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Inter Press Service
HEALTH-ZAMBIA: Unicef Calls For Action Against HIV/AIDS
Anthony Mukwita
December 8, 1999
LUSAKA, Dec 8 (IPS) - UN Children's Fund (UNICEF) has called upon the government of President Frederick Chiluba to double its efforts in the fight against HIV/AIDS in Zambia.

"The magnitude (of HIV/AIDS) is much bigger than we initially thought," says Peter McDermott, Unicef Resident Representative in Zambia. "We have information and studies which tell us that we need urgent action to combat the scourge and an alarm ought to be sounded."

McDermott says orphans and women are the most affected by the disease. Latest studies, conducted by the Zambian ministry of health, show that about 600,000 children have been orphaned by the killer disease.

The number of orphans, the study says, will hit the one million mark by the beginning of the new millennium, adversely impacting on the country's resources which have to be split between better health care for Zambia's ailing population and to servicing a huge foreign debt.

Zambia, with a foreign debt of about 6.5 billion US Dollars, spends very little on health and education, as a result of debt servicing.

The number of AIDS deaths in Zambia from the time the epidemic began in the 1980s is estimated at about 650,000.

Between 1999 and 2014 some 1.61 million Zambia of about 2.26 million deaths by 2014, the study adds.

According to the study, the impact will be morproductive members of society. Other studies carried out in the Zambian minin of Ndola, hardest hit by the scourge, reveals that the high rate of sexually transmitted diseases (STD) infections has a lot to do with the reason the scourge is ever on the rise in Zambia.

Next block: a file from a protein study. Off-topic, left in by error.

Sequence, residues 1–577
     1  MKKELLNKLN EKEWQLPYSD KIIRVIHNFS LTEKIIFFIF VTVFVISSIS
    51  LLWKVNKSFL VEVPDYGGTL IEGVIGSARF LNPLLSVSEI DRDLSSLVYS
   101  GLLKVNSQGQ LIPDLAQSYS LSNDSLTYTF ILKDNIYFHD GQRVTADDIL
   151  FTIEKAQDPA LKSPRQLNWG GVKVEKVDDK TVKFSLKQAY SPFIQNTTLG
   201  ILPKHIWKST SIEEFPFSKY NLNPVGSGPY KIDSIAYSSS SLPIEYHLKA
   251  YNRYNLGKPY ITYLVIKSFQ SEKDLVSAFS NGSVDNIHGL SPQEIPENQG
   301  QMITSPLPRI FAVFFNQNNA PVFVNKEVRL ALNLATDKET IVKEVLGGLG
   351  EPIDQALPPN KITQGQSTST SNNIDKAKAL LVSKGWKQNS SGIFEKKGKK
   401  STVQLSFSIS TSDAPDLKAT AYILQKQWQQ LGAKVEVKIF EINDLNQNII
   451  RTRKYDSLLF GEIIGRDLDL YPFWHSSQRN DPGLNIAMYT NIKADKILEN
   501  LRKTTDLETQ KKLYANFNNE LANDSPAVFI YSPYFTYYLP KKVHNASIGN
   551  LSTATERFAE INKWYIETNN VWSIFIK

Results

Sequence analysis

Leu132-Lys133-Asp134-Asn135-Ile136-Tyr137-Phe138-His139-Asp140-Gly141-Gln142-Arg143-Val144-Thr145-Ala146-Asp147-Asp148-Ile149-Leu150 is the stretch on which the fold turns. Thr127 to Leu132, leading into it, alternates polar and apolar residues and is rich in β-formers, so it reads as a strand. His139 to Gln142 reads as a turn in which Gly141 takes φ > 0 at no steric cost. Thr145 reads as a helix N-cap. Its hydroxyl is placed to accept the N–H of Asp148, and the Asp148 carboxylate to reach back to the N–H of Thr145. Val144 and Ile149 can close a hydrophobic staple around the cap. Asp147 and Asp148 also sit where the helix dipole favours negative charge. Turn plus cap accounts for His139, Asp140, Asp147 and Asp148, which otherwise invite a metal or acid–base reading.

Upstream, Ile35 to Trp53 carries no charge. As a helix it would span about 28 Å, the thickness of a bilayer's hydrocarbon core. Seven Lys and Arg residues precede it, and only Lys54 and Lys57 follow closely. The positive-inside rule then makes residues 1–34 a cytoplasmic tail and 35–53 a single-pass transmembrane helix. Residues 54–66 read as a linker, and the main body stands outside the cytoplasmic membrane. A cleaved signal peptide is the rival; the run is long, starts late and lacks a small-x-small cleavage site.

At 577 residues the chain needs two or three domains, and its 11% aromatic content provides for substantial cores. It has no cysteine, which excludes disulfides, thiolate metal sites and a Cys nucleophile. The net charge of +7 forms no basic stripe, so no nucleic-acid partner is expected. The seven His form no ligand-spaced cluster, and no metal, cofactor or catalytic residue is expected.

The studies show that at least 11.3 percent of men in Ndola and 14 percent of women have syphilis. And that 39 percent of sexually active men and 17 percent of sexually active women in Zambia had a non-regular partner in the last 12 months.

The studies also show that the tradition of usint of women used condoms, while traditional practices such as circumcision, in which a non-sterile instrument is used, were also cited as a reason for the high infection rate.

By the time Zambian children reach the age of 15, the studies say, they would have already had sexual intercourse, either with boys and girls their own age or someone older than them.

To combat the spread of the disease, the Zambian government is drafting a policy that they hope would help bring the scourge to manageable levels.

Zambia, with a population of 10 million people,S in Africa. In fact, Africa, with 10 percent of the world's population, currently has 70 percent of the 34 million global cases of HIV/AIDS, according to the UN World Health Organisation. (END/IPS/am/mn/99)